A policeman apologizes

A man is being tailgated by a stressed-out woman on a busy boulevard. Suddenly, the light turns yellow, just in front of him. He does the right thing and stops at the crosswalk, even though he could have beaten the red light by accelerating through the intersection.

The tailgating woman hits the roof, and the horn, fuming in frustration as she misses her chance to get through the intersection with him. As she is still in mid-rant, she hears a tap on her window and looks up into the face of a very serious police officer. The officer orders her to exit her car with her hands up.

He takes her to the police station where she is searched, fingerprinted, photographed, and placed in a cell. After a couple of hours, a policeman approaches the cell and opens the door. She is escorted back to the booking…

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The ‘Middle Wife’.

Picture credit – The Telegraph.

By an Anonymous 2nd grade teacher.

I’ve been teaching now for about fifteen years. I have two kids myself, but the best birth story I know is the one I saw in my own second grade classroom a few years back.

When I was a kid, I loved show-and-tell. So I always have a few sessions with my students. It helps them get over shyness and usually, show-and-tell is pretty tame. Kids bring in pet turtles, model airplanes, pictures of fish they catch, stuff like that. And I never, ever place any boundaries or limitations on them. If they want to lug it in to school and talk about it, they’re welcome.

Well, one day this little girl, Erica, a very bright, very outgoing kid, takes her turn and waddles up to the front of the class with a pillow stuffed under her sweater.

She holds up a snapshot of an infant. ‘This is Luke, my baby brother, and I’m going to tell you about his birthday.’

‘First, Mom and Dad made him as a symbol of their love, and then Dad put a seed in my Mom’s stomach, and Luke grew in there. He ate for nine months through an umbrella cord.’

She’s standing there with her hands on the pillow, and I’m trying not to laugh and wishing I had my camcorder with me. The kids are watching her in amazement.

‘Then, about two Saturdays ago, my Mom starts going, ‘Oh, Oh, Oh, Oh!’ Erica puts a hand behind her back and groans. ‘She walked around the house for, like an hour, ‘Oh, oh, oh!’ (Now this kid is doing a hysterical duck walk and groaning.)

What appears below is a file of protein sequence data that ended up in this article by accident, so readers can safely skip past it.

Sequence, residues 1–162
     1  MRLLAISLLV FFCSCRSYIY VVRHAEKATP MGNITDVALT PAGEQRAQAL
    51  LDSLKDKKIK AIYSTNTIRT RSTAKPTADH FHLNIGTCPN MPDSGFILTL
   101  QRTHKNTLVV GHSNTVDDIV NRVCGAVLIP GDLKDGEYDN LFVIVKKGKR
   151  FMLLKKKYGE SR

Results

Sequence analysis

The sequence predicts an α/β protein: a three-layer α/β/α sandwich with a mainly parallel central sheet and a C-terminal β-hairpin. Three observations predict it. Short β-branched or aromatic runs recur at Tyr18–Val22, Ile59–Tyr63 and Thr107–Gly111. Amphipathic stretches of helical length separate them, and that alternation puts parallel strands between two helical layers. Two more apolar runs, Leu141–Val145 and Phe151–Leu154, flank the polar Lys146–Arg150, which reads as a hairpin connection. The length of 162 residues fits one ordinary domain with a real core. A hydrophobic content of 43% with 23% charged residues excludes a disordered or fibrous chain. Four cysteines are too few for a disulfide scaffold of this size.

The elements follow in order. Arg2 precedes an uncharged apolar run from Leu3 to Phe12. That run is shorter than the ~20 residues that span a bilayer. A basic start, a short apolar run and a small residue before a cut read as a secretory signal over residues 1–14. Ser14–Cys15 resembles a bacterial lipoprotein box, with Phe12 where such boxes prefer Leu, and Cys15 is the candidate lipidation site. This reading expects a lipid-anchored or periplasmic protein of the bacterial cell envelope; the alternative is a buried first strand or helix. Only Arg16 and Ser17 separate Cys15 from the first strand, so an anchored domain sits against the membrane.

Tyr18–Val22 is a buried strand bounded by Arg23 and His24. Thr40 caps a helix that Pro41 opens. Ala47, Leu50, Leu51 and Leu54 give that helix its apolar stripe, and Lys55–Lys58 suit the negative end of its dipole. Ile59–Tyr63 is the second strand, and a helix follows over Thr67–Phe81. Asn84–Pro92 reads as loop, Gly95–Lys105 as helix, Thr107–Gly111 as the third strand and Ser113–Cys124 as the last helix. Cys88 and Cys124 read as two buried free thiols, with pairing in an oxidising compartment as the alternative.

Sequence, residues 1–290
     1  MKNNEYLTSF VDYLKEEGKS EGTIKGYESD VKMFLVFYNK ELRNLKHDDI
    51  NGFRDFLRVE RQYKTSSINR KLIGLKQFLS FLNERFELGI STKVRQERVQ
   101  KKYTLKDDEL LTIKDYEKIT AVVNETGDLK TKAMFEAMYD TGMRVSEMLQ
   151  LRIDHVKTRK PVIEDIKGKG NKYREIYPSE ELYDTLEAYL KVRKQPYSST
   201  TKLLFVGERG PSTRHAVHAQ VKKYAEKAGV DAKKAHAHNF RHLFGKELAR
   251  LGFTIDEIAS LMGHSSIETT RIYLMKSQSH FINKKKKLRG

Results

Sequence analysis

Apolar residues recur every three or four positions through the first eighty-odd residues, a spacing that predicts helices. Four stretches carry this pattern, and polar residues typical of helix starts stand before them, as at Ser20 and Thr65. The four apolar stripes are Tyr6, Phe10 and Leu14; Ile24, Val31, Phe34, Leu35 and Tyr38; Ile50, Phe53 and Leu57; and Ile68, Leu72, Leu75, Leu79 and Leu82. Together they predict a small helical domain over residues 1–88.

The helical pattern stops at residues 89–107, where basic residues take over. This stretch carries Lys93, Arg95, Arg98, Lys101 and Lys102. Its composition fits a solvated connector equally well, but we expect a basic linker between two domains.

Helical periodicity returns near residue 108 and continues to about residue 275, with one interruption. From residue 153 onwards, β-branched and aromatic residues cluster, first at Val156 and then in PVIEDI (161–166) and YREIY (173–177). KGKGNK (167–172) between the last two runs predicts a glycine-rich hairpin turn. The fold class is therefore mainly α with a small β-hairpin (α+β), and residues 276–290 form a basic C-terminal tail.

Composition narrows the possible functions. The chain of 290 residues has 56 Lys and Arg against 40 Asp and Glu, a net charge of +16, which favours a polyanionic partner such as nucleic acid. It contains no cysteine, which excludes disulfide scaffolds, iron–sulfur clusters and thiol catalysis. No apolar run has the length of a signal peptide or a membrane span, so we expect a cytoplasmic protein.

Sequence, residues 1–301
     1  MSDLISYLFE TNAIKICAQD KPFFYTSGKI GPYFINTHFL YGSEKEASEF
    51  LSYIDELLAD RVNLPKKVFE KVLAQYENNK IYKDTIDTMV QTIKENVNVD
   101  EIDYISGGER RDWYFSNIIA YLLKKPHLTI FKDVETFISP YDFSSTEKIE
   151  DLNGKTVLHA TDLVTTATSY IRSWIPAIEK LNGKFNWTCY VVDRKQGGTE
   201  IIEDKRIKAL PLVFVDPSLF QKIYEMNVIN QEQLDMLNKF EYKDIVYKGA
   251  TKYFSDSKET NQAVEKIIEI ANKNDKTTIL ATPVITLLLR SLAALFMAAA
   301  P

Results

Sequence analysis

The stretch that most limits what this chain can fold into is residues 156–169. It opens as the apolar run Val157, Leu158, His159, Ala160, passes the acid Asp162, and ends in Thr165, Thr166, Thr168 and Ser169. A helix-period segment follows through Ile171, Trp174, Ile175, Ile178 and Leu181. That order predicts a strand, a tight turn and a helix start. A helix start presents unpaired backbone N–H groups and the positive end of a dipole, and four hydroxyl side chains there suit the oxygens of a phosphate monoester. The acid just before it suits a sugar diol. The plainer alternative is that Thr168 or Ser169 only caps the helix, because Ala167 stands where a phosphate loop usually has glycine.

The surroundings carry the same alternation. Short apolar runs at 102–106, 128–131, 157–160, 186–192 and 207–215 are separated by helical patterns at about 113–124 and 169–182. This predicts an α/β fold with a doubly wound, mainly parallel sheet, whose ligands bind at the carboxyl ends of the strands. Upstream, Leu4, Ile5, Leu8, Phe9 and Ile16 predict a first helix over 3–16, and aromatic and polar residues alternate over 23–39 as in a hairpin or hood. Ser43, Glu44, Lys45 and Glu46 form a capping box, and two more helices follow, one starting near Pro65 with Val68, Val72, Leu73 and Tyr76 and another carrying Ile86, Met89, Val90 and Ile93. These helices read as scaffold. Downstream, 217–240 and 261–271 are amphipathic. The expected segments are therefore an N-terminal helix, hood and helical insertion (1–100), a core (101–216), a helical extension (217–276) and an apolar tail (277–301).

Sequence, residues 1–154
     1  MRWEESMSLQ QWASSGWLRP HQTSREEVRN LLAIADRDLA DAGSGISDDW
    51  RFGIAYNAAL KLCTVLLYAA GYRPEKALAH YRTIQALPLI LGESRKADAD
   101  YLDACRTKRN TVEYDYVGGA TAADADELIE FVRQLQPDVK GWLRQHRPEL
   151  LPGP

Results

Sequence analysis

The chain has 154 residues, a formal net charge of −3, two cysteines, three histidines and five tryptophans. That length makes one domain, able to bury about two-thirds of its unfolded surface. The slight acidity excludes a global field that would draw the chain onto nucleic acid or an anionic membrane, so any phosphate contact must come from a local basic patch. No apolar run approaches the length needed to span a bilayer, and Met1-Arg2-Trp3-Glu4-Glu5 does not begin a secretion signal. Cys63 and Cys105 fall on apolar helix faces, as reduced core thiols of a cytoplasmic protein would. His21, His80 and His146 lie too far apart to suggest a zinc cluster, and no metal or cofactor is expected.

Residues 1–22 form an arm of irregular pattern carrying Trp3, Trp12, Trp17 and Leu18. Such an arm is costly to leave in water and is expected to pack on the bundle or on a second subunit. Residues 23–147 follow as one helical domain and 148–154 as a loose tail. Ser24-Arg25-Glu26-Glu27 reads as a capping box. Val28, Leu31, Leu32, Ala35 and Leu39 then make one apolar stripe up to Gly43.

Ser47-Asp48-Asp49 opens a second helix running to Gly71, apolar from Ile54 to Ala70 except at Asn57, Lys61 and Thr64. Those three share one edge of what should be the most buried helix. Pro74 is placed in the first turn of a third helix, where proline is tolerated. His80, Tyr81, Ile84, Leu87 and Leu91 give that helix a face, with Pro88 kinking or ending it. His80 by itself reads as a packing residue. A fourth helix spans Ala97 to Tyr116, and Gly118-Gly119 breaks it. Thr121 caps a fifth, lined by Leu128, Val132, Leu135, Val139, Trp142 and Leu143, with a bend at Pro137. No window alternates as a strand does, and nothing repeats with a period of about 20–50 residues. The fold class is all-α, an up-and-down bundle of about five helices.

‘My Dad called the middle wife. She delivers babies, but she doesn’t have a sign on the car like the Domino’s man. They got my Mom to lie down in bed like this.’ (Then Erica lies down with her back against the wall.)

‘And then, pop! My Mom had this bag of water she kept in there in case he got thirsty, and it just blew up and spilled all over the bed, like psshhheew!’ (This kid has her legs spread with her little hands miming water flowing away. It was too much!)

‘Then the middle wife starts saying ‘push, push,’ and ‘breathe, breathe.
They started counting, but never even got past ten. Then, all of a sudden, out comes my brother. He was covered in yucky stuff that they all said it was from Mom’s play-center, so there must be a lot of toys inside there. When he got out, the middle wife spanked him for crawling up in there in the first place.’

Then Erica stood up, took a big theatrical bow and returned to her seat.

I’m sure I applauded the loudest. Ever since then, when it’s Show-and-tell day, I bring my camcorder, just in case another ‘Middle Wife’ comes along.

Chillaxing Dave

MORNING BRIEFING – By Benedict Brogan (Daily Telegraph).

To judge by the way friends of Vince Cable have briefed the FT (£) this morning, there is going to be an almighty bust up over the Beecroft report, in particular the bit about introducing no fault dismissal.

‘Bonkers’, Vince calls it, even as David Cameron says he’s looking at it. The report is due to be released under FoI by the BiS Secretary on Thursday, but if you can’t wait, we’ve got it already: our story is here , and we have loaded all 20-odd pages onto our website here.

Beecroft in some ways is another Steve Hilton legacy issue, in that the restrictive effect of workplace rights is something that exercised him greatly. It’s also proxy for an intra-coalition row with the Lib Dems. George Parker in the FT maps the fault line here.

It could get nasty: Friends of Vince point out that Adrian Beecroft, one of Britain’s most successful private equity wizards, was a prominent Tory donor.

The FT also reports, en passant, that Vince, a ‘social democrat’, has been having cosy chats with Ed Miliband, which should make the Tories nervous about what might happen in 2015.

In the Telegraph, Andrew Haldenby explains why Beecroft is significant, while the Mail points out Cameron and Lib Dems are at odds over it with a source close to Mr Cable saying: “Some Tories think that Beecroft is a silver bullet or panacea. That is total nonsense.’”